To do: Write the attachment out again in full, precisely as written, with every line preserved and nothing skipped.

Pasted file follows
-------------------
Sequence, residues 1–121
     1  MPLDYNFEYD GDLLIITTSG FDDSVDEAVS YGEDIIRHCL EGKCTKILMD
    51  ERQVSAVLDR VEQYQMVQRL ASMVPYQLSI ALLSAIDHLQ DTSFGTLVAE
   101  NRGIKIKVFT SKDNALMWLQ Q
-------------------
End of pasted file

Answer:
Sequence, residues 1–121
     1  MPLDYNFEYD GDLLIITTSG FDDSVDEAVS YGEDIIRHCL EGKCTKILMD
    51  ERQVSAVLDR VEQYQMVQRL ASMVPYQLSI ALLSAIDHLQ DTSFGTLVAE
   101  NRGIKIKVFT SKDNALMWLQ Q